The skies are on the Nerdshala of getting busier — and louder — as drone delivery and electric vertical take-off and landing passenger aircraft move from startup Moonshot to commercialization. A former NASA engineer and former director of Uber’s Air Taxi Division is developing technology to ensure that more air traffic doesn’t equal more noise.
Mark Moore, who was until recently the director of engineering at Uber Elevate until it was acquired by Joby Aviation, has launched his own company called Whisper Aero. The startup, which came out of stealth this week, aims to design an electric thruster that it says will blend noise from delivery drones and EVTOLs more evenly into background levels, making them sound better to the human ear. Will be made almost imperceptible.
This is a formidable challenge. The solution to the noise problem is much more than simply turning down the volume. The noise profile is also characterized by other variables such as frequency. For example, helicopters have a main rotor and a tail rotor that generate two different frequencies, which makes them more irritating to the human ear than having them at the same frequency, Moore said in a recent interview. told Nerdshala.
Complicating the picture even more is that EVTOL companies are designing entirely new types of aircraft, which can produce a different acoustic profile than other rotorcraft (such as helicopters). The US military recently conducted a research study confirming that EVTOL rotors produce a type of noise referred to as broadband, rather than the tonal noise that is generated by helicopters. And as each eVTOL company is developing its own design, not all electric aircraft will generate the same level or type of noise.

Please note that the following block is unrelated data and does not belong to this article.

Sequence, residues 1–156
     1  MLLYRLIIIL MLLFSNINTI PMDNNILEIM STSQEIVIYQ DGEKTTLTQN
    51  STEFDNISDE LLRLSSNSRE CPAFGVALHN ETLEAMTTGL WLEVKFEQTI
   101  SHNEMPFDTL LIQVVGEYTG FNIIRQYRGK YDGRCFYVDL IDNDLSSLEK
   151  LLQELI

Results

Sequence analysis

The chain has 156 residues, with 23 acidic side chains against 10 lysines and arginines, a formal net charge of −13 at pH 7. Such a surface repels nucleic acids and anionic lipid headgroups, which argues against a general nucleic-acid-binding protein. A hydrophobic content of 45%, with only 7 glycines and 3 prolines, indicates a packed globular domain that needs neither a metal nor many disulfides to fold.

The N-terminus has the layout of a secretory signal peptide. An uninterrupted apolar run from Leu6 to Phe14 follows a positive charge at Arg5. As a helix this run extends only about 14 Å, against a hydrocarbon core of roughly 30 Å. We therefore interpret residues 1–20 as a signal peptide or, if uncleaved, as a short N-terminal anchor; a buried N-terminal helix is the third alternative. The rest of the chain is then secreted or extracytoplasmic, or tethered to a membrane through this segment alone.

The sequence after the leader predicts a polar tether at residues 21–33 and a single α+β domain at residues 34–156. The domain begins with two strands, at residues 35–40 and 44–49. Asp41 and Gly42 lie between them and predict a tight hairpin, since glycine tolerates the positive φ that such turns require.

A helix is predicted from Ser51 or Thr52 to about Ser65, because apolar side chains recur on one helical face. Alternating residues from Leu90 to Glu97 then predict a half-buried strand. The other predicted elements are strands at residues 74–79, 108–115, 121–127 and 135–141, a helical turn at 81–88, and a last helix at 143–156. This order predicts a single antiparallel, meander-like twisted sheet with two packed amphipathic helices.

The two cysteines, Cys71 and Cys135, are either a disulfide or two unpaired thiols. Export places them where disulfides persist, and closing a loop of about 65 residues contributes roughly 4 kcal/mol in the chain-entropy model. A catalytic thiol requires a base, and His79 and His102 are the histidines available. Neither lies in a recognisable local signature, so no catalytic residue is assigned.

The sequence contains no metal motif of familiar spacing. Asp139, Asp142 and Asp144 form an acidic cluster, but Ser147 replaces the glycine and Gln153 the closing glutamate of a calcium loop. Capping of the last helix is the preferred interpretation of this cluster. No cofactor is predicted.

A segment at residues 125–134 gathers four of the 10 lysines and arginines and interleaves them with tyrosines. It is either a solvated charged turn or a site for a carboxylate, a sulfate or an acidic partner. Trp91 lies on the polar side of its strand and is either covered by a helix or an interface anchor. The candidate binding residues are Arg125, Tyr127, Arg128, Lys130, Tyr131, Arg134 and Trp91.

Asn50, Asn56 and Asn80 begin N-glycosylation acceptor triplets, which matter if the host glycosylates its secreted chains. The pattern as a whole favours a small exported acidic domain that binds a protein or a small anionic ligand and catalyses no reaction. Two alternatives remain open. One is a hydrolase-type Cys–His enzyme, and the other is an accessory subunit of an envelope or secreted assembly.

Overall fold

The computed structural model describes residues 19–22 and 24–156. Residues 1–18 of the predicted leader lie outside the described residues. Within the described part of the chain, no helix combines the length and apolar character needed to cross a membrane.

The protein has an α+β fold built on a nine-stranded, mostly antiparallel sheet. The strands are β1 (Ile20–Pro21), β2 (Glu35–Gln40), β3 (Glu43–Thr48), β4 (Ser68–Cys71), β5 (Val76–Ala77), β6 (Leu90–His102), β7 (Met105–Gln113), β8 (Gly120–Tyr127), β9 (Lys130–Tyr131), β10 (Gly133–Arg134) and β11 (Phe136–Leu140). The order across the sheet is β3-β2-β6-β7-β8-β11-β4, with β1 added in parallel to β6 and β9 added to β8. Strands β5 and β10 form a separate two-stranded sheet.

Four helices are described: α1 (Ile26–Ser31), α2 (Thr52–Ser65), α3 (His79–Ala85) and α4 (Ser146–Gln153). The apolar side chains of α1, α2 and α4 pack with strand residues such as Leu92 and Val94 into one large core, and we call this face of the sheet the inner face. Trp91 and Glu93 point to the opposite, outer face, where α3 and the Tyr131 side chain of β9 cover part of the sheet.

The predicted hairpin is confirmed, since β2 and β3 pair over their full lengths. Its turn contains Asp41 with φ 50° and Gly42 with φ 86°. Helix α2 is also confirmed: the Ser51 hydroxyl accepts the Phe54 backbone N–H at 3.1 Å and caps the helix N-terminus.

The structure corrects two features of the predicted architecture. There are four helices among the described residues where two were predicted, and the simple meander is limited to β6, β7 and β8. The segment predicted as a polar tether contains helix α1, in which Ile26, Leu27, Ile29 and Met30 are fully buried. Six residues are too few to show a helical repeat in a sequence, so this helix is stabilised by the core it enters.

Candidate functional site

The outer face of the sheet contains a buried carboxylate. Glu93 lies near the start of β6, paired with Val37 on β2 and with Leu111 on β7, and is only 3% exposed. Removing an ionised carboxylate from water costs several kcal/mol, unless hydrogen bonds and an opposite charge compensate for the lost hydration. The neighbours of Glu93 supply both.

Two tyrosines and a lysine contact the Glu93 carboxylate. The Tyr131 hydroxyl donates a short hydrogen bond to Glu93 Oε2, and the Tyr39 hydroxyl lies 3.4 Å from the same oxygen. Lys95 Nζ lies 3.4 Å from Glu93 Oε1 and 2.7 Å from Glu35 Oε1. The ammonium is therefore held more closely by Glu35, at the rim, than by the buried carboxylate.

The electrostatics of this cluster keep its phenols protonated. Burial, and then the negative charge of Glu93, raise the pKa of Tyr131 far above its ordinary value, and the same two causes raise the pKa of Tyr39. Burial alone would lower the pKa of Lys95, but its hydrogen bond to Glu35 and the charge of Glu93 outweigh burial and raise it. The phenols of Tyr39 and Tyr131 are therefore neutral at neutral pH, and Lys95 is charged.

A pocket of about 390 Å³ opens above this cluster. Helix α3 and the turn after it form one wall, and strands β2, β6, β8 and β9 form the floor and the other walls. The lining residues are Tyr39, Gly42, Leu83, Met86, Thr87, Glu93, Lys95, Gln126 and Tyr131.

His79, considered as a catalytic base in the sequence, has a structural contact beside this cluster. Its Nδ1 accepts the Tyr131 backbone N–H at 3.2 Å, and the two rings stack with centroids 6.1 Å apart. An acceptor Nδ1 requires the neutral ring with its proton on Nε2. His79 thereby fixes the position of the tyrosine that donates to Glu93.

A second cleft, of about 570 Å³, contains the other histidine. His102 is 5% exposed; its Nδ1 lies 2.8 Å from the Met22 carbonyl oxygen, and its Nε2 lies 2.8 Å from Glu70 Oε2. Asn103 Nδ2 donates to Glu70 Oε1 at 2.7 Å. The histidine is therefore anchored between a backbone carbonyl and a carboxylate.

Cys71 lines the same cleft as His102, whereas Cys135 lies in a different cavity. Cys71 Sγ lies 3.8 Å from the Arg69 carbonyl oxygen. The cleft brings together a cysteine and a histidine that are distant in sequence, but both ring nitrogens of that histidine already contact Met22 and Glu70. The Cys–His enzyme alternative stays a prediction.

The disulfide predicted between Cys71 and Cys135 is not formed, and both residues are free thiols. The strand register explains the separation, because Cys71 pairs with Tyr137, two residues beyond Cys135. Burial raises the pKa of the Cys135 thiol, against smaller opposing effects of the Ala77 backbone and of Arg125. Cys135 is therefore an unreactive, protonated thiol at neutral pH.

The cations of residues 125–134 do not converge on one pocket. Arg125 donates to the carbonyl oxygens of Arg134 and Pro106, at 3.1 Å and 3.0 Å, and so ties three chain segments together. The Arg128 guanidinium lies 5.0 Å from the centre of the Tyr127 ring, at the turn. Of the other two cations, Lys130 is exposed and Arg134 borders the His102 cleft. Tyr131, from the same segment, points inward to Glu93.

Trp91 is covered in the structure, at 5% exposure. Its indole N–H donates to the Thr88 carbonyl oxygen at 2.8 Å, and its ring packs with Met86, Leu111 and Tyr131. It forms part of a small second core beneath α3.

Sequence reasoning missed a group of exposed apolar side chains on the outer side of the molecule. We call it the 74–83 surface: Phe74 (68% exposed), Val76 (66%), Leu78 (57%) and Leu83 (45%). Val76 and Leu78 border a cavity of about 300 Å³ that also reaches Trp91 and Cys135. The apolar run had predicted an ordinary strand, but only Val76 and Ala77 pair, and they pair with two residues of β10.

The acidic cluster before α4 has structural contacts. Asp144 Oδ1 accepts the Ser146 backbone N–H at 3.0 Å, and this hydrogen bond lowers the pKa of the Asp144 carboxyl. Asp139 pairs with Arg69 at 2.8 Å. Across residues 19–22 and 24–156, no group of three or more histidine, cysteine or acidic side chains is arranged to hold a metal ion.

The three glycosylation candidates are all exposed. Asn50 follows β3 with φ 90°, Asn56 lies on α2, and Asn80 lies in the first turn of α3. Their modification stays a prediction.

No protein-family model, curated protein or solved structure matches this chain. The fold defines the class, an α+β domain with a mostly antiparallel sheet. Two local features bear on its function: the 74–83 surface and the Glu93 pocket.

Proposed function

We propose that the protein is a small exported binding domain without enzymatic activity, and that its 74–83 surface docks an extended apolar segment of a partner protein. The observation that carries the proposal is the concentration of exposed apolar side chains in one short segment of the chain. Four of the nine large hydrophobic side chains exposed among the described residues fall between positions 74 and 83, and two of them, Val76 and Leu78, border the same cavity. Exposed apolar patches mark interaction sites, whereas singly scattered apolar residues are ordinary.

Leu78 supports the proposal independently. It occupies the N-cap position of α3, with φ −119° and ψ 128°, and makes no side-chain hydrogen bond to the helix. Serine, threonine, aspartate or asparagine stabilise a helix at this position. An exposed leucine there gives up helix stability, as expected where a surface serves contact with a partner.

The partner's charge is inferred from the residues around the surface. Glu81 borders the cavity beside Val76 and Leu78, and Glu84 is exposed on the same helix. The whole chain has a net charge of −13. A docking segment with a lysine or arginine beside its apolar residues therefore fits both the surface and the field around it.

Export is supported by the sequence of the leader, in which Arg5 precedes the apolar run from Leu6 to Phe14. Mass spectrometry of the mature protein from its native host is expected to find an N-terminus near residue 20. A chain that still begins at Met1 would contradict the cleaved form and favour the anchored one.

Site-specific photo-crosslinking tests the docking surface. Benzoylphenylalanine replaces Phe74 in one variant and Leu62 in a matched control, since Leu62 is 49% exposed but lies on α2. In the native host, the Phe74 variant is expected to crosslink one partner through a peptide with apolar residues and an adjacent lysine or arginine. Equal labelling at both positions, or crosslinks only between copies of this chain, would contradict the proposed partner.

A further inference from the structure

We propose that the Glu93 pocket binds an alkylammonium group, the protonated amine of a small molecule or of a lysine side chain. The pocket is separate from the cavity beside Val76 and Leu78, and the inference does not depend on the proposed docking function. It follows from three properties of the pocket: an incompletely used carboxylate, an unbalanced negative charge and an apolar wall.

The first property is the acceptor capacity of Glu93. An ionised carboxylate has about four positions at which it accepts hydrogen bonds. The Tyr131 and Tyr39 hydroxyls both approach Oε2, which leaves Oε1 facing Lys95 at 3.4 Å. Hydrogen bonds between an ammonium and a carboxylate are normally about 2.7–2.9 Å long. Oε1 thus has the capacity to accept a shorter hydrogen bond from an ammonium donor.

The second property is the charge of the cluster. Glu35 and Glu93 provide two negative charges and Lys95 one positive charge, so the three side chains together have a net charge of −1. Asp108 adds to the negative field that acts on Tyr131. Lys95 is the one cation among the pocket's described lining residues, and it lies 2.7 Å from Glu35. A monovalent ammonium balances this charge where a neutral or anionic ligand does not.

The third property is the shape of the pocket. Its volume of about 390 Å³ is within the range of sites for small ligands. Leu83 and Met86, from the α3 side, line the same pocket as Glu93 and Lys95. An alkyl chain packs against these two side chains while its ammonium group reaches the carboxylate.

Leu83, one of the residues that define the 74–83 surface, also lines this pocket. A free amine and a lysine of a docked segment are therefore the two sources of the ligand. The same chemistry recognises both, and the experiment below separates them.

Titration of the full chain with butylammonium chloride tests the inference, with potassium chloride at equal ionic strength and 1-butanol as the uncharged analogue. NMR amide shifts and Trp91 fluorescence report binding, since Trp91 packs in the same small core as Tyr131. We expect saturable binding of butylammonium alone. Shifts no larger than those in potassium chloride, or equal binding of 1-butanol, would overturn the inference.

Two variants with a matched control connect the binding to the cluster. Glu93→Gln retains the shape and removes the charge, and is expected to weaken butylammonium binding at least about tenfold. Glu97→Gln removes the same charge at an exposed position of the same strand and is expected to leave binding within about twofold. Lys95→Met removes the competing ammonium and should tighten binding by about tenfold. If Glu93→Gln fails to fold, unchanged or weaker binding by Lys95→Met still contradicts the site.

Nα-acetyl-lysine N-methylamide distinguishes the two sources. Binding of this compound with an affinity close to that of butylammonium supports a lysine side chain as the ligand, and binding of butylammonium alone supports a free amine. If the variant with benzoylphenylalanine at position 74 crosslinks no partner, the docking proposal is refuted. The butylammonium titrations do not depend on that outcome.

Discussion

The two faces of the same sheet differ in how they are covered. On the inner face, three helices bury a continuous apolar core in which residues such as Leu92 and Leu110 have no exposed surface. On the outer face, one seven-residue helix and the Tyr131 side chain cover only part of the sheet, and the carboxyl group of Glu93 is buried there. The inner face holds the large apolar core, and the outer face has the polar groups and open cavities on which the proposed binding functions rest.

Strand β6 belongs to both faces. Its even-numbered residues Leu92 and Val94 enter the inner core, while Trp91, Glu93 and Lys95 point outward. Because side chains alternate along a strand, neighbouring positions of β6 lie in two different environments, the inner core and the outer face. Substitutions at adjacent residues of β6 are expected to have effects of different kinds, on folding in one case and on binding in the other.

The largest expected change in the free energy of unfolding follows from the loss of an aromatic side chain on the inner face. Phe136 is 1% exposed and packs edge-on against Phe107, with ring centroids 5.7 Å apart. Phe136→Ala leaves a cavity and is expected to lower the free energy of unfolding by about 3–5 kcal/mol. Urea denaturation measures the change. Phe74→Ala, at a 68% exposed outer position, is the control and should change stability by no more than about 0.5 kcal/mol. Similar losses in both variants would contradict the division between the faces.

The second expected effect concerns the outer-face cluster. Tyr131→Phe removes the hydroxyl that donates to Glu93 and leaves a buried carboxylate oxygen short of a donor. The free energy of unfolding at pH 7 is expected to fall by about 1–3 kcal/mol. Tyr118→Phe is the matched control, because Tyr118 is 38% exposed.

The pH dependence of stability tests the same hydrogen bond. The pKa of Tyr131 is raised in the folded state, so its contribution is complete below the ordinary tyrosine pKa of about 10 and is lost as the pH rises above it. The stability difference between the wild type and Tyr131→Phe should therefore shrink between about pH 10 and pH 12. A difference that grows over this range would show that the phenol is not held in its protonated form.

Whisper is designing its scalable product to be adoptable across the board.
Moore said the idea for the company had been brewing for years. He and Whisper COO Ian Villa, who led strategy and simulation at Elevate, realized years ago that noise (i.e., less than it) was the key to landing air taxis.
“What was abundantly clear was that noise mattered most,” Villa said. “It’s the hardest barrier to break. And not enough of these developers were spending time, resources, mindshare to really unlock that.”
Helicopters have mostly been able to get away with their terrible noise profile because they are used so rarely. But eVTOL companies like Joby Aviation are envisioning far higher ride volumes. Moore quickly pointed out that companies like Joby (which bought Elevate in late 2020) are already developing aircraft that are several times quieter than helicopters, and are “a step in the right direction.”
“The question is, ‘Is this a step enough to drive significant adoption?’ And that’s what we’re focused on.”
Whisper is silent on the details of its thruster design. It has managed to attract investments of about $7.5 million from firms such as Lux Capital, Menlo Ventures, Kindred Ventures and Robert Downey Jr.’s Footprint Coalition Ventures. It also aims to convert its provisional patent with the United States Patent and Trademark Office sometime next year.
From there, the startup envisions launching into the small drone market around 2023, before progressively reaching air taxis. Moore said the goal is to build thrusters and into vehicles by the end of the decade. Should the first generation of EVTOL go to market in 2024 (as proposed by Archer Aviation and Joby), Whisper’s product could potentially appear in the second generation of EVTOL.
In the meantime, Whisper will continue to test and work out the remaining technical challenges — not the least of which is how to manufacture the final product at a reasonable cost. Whisper is also preparing to conduct dynamic tests in a wind tunnel, in addition to static tests conducted at Tennessee Headquarters, some in partnership with the US Air Force.
“It’s quiet enough to blend into the background noise,” Moore said. “We know this and that’s the technology we’re developing.”